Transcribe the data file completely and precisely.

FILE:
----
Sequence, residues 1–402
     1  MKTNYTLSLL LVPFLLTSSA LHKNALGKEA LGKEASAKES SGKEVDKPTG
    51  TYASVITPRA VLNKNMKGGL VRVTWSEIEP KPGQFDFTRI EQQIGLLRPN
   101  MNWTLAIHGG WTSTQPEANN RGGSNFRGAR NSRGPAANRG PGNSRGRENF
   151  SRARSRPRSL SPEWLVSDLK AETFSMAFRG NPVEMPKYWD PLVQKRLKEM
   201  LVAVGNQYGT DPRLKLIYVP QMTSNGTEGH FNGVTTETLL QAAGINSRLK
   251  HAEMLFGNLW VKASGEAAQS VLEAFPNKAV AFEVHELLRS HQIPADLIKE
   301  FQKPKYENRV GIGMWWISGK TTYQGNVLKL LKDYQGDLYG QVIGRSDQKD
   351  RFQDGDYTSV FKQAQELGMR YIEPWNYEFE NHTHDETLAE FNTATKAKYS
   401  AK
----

Sequence, residues 1–402
     1  MKTNYTLSLL LVPFLLTSSA LHKNALGKEA LGKEASAKES SGKEVDKPTG
    51  TYASVITPRA VLNKNMKGGL VRVTWSEIEP KPGQFDFTRI EQQIGLLRPN
   101  MNWTLAIHGG WTSTQPEANN RGGSNFRGAR NSRGPAANRG PGNSRGRENF
   151  SRARSRPRSL SPEWLVSDLK AETFSMAFRG NPVEMPKYWD PLVQKRLKEM
   201  LVAVGNQYGT DPRLKLIYVP QMTSNGTEGH FNGVTTETLL QAAGINSRLK
   251  HAEMLFGNLW VKASGEAAQS VLEAFPNKAV AFEVHELLRS HQIPADLIKE
   301  FQKPKYENRV GIGMWWISGK TTYQGNVLKL LKDYQGDLYG QVIGRSDQKD
   351  RFQDGDYTSV FKQAQELGMR YIEPWNYEFE NHTHDETLAE FNTATKAKYS
   401  AK